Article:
Sunday, 1 May 2016

Keeping up the Charade (Getting Hot Headed)

In this episode
- Overheated engine on the highway
- temperature high
- bubbling radiator
- steaming engine

It was her first long distance ride. We were travelling fully loaded, 225km up North to Teronoh, where my brother studied. The car was loaded with his luggage and mine, and my dad joined us for the trip. So yes, it was asking a lot from the car, but she started off fine. We dropped Marc off at UTP, and significantly lighter, set off 133 km South for Tanjung Malim where I studied.

Along the way, we noticed the temperature gauge moving up.

Temperature gauge looks like this

and from what I've learned from mechanics and Youtube, a normal temperature is supposed to stay constant at centre or below centre towards the cool end marked C.

In our case, it was on a gradual rise, *steadily increasing with every kilometre. This is a bad thing, because it tells you that something is wrong with your cooling system.  When we get hot, we drink water, and this cools all body systems.
Likewise, cars also get heated and have to cool down using water, or coolant.

We stopped by at a petrol station and proceeded to pour water all over the engine, because it was steaming. The radiator, after we had refilled it, started to *bubble, as soon as we turned on the engine.

WARNING: never open or touch radiator cap right after turning engine off. Allow it to cool down for about 20 to 30 minutes.

Soon the temperature dropped again and we decided it was safe enough to continue our journey. Big mistake.
after about 5km, the temperature started spiking up and we pulled over.

We had turned off the air conditioning, thinking that the fewer things running the better.

Father called his mechanic at home who advised to turn on the air conditioning as the fan would also help cool down the engine, as we turned around and made our way back to the petrol station.

Normally this is done by the radiator fan, which looks like this

Ours *wasn't running, when we turned on the engine. So there's the first problem.

There was a foreman there, who informed us that in all likelihood our head gasket was damaged, since the radiator was bubbling.

This is a head gasket. It looks like a pretty cool diskette
link to gasket anatomy click here

A gasket head (to my understanding) is sandwiched between the cylinder heads and the engine block. If there is a hole or crack in your head gasket, then your coolant is going to get mixed up with your engine oil, which means nothing is getting cooled, and your engine overheats. Lol if I'm wrong, please clarify.

So anyway, that needed some mending, but it didn't need to be replaced, because the crack could be repaired.
In the end, the car was not fit to drive back. Father's mechanic, came all the way and fixed up the car temporarily with another fan, and we took his car instead (also a charade) to Tanjung Malim.

But it was a scary experience, so to avoid these problems, always monitor radiator water/coolant levels (I use water) and stop the car at the first sign of heating. You do not want to end up with a blown gasket.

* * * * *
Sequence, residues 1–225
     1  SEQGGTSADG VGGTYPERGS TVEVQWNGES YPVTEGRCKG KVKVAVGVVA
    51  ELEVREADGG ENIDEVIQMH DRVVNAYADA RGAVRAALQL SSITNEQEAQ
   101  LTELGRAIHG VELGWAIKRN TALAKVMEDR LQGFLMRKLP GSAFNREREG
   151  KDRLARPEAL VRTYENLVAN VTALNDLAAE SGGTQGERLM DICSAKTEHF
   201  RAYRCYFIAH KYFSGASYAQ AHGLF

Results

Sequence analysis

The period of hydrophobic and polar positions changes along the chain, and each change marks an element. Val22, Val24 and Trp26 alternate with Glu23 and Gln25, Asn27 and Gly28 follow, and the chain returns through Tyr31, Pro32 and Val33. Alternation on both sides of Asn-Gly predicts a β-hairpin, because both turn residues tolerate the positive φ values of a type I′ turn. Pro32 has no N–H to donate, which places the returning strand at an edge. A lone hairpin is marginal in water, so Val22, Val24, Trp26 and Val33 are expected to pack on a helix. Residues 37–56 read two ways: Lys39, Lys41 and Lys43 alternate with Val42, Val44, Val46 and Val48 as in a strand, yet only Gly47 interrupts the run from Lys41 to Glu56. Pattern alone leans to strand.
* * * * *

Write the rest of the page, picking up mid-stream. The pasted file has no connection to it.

Obvious signs to look out for
* Temperature rising. A fever is never good.
* Your fan not running
* Radiator bubbling is also a warning sign that your cooling system is faulty

Keeping Up the Charade: Accidental experience

Currently listening to : History by One Direction

I regret to inform you that my ancient car met with an accident three weeks ago.  Although that is misleading and sounds as if it went off on its own and got banged up, I must clarify that I, Lizamaria drove it to its near death.
Leaving School
You see, how it all happened makes for a rather dull story. But I suppose one needs to hear the boring details to appreciate the anticlimactic end. I left school at approximately 6.55 pm, thoroughly looking forward to an additional two hours of tuition at the end of the working day. Really. I had set up my music on Spotify, tedious business with all the rubbish ads that come through, all because I refuse to pay RM2 for ad-free streaming. I started up the engine, put the car in reverse, and followed the daily after-school ritual. First, waved to the security guard aunty, then turned the corner, and glanced at the bus stop where a few students still remained waiting for their transport. I spotted the twins and smiled, waved at enthusiastic Timothy and continued straight ahead. I noticed a few other students from my class, but as soon as they caught my eye, some looked down at the ground or stared blankly ahead. At this point, I was too tired to feel offended. They probably were too. Dog tired.
The Roundabout

The lane ahead merges onto the main road where a huge and often busy roundabout awaits. As I approached, I joined what felt like a giant whirlpool as the roundabout swallowed me in. If you ask me, there are two main rules to join a roundabout; use outer lane if exiting next and utilize left signal light. Forgetting his signal, manners, road rules and sense, an idiot dashes across my path taking off my bumper in the process. I am in shock. All manage is a short gasp. Miraculously (for him) his car successfully makes the exit and he sails through. My situation on the other hand: not so smooth. I sat in shock for a few seconds processing what had happened. My phone was blasting the chorus to "Fast Car" (remix by Jonas Blue and Dakota). 
What No one Tells you
No one tells you these things; that bumpers can just fall off and fold beneath you, that you do not need to tow the car when this happens, that you do not need to panic, that a bumper fits in your back seat, that all of the above happen when you least expect it.
Thankfully two teachers stopped by on their way home, and gave me a hand. And in 5 minutes, the whole matter was resolved, and I was on my way to tuition class. Talk about anticlimatic